Prize the word, feed on the word, whether it be in public, or in a conference with some Christian friend, or in secret reading and meditation by your solitary self. Let none of these be disused, or carnally used by you. When your stomach fails to the word, your faith must needs begin to fail on the word.
But you will say, If we had so much time to spare as others, we would not be so unacquainted with the Scriptures. Could God find heart and time to pen and send this love-letter to you — and you find none to read and peruse it! Would the sick man take no time to look on his physician's prescription! Would the condemned malefactor fail to look on his prince's letter of grace, wherein a pardon is signed!
Must the world have all your time and swallow you up alive! Are you such a slave to your pelf, as to tie your soul to your purse strings; and take no more time for the saving of it, than this cruel master will afford you! Who gave you permission thus to overload yourself with the incumbrance of the world? Is not God the Lord of your time? "Why did you not read My word, and meditate thereon?" will Christ say at that day. Dare you, then, be so impudent as to say, Lord, I was overcharged with the cares, and drunk with the love of the world — and, therefore, I could not read it! Well, if this be the thief that robs you of your time, get out of his hands, lest it also rob you of your soul!
What calling is more encumbering than a soldier's, and of all the soldiers, the general's? Such a one was Joshua — yet he had a strict command given him to study the Scriptures: (Joshua 1:8) "This book shall not depart out of your mouth; but you shall meditate therein day and night." Must Joshua, in the midst of drums and trumpets, and distractions of war, find time to meditate on the law of God — and shall a few trivial occasions in your private calling discharge you from the same duty?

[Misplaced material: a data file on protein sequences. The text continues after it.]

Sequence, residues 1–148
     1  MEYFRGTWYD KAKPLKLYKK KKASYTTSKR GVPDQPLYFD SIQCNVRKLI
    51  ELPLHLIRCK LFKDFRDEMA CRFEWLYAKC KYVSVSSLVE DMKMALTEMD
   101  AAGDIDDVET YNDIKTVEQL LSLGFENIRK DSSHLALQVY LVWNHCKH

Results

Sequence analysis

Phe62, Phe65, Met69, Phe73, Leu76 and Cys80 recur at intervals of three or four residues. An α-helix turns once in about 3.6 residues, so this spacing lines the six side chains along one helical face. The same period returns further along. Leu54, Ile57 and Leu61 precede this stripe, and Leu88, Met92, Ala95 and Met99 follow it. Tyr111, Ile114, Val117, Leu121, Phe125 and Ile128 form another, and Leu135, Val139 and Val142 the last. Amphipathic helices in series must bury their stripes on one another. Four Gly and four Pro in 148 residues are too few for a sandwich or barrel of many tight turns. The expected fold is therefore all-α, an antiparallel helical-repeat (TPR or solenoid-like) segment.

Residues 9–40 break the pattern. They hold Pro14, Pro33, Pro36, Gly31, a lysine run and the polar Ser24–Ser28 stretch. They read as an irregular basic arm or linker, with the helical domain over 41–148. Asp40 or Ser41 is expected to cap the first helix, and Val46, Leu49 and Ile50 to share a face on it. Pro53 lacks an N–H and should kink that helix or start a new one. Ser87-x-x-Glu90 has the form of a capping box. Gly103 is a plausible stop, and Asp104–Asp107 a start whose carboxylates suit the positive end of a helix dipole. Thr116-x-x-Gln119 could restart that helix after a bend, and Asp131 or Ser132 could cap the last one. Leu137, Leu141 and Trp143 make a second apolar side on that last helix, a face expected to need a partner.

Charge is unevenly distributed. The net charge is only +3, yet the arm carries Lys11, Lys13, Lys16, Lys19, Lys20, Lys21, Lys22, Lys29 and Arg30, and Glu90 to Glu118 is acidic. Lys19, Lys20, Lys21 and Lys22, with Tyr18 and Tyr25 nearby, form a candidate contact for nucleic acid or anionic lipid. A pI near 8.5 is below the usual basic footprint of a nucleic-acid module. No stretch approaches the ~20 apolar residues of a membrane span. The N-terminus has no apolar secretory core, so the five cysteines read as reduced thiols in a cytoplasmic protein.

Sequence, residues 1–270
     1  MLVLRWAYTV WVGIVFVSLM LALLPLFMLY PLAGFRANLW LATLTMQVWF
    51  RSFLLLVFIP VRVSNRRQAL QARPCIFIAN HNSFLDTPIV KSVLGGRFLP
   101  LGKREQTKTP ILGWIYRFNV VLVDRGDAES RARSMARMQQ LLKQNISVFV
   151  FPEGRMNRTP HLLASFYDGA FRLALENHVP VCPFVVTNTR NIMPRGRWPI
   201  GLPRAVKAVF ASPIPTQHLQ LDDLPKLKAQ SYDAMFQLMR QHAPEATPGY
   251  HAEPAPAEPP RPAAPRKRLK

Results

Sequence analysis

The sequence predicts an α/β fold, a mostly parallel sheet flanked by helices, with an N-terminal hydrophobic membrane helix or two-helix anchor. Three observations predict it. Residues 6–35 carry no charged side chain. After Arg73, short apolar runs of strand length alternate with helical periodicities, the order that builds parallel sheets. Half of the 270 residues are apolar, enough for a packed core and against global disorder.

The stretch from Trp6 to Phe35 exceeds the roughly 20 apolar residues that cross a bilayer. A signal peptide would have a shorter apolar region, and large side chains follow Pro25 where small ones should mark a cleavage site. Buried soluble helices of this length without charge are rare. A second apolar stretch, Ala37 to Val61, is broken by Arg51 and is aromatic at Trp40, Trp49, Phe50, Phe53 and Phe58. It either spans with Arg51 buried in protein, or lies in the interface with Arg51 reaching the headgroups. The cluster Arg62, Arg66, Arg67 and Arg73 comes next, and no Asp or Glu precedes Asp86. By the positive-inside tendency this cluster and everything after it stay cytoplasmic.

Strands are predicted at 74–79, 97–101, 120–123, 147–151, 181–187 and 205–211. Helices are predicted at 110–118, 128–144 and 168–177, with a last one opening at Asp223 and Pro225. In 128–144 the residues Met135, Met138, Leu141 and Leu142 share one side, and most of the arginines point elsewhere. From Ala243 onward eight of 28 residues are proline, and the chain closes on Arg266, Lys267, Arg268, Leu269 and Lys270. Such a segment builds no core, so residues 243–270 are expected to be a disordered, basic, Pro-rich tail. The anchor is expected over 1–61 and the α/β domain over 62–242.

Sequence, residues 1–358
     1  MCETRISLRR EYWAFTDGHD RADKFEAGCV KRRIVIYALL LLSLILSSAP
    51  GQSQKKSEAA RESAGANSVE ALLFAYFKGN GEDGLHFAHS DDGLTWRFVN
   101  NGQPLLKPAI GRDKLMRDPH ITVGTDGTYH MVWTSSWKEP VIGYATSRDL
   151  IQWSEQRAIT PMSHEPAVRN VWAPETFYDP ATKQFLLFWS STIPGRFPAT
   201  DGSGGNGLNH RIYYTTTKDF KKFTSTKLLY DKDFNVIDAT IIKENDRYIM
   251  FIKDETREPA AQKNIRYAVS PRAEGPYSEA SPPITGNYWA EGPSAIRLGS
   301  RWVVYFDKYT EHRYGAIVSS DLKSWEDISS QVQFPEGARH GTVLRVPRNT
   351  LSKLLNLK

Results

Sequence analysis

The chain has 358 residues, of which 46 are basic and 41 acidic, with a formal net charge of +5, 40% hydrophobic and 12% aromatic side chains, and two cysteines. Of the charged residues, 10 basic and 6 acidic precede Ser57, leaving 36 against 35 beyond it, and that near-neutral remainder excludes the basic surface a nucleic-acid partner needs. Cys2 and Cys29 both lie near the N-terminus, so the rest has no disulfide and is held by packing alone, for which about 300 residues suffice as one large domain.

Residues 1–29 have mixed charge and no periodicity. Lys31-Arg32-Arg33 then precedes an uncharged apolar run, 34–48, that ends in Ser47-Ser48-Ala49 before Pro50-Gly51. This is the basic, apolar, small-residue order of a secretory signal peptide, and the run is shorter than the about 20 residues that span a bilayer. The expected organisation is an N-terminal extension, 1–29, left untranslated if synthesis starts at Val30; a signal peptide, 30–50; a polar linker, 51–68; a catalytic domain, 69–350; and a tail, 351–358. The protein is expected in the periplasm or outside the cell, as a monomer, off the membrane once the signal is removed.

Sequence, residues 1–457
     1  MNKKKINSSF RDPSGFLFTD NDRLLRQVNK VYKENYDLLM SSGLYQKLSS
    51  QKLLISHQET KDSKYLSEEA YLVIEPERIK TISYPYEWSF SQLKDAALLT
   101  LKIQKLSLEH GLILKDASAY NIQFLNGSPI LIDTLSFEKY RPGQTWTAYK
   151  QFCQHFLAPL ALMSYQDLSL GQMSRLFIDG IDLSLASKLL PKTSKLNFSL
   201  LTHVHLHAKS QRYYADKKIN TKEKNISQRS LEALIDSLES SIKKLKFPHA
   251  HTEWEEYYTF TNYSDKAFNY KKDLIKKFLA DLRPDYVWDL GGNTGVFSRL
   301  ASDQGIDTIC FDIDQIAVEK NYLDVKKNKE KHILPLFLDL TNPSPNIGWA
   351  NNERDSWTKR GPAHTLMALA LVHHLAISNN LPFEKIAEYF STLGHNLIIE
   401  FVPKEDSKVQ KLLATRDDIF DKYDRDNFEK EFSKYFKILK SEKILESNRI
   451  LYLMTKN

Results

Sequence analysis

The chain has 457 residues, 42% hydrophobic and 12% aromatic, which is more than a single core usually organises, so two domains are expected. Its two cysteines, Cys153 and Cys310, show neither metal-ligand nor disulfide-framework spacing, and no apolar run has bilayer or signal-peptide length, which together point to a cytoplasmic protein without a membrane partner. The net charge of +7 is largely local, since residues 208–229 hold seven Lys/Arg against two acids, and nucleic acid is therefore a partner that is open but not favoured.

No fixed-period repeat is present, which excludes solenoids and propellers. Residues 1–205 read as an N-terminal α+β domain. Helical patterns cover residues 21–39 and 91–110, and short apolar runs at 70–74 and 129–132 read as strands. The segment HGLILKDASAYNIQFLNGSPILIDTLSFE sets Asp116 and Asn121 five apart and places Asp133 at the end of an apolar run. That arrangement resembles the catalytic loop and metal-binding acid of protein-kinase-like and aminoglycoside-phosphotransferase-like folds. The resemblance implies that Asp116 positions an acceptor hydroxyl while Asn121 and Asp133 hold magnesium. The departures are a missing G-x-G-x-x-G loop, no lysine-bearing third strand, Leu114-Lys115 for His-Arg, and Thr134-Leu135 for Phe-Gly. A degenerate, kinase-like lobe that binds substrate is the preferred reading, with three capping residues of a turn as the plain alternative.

Take heed that you come not to the Scriptures with an unholy heart. If ever you know the mind of God in His word — the Spirit must impart it to you. And will He who is so holy, take you by your foul hand, to lead you into truth? No, your doom is set, "None of the wicked shall understand" (Dan. 12:10). If we have the truth for our guest, and are acquainted with the mind and will of God — we must have a holy heart for its lodging!
Go to God by prayer for a key to unlock the mysteries of His word. It is not the plodding, but the praying soul — that will get this treasure of scripture knowledge. God often brings a truth to the Christian's hand as a return of prayer, which he had long hunted for in vain with much labor and study: "There is a God in Heaven who reveals secrets" (Dan. 2:28); and where does He reveal the secrets of His word — but at the throne of grace? "From the first day," says the angel, "that you set your heart to understand, and to chasten yourself before your God, your words were heard"; that is for your prayer (Dan. 10:12). And what was this heavenly messenger's errand to Daniel, but to open more fully the Scripture to him? as appears by verse 14 compared with verse 21. This holy man had got some knowledge by his study in the word — and this sets him a-praying — and prayer fetched an angel from Heaven to give him more light.
"Your word have I hid in my heart, that I might not sin against you" (Psalm 119:11). It was not the Bible in his hand to read it, not the word on his tongue to speak of it; but the hiding it in his heart, that he found effectual against sin.
"Quench not the Spirit, despise not prophesyings" (1 Thessalonians 5:19, 20). They are coupled together; he who despises one, loses both. If the scholar is too proud to learn from the guide — he is unworthy to be taught by the master.
"They shall turn away their ears from the truth, and shall be turned unto fables" (2 Timothy 4:3, 4). Satan commonly stops the ear from hearing sound doctrine, before he opens it to embrace corrupt doctrine.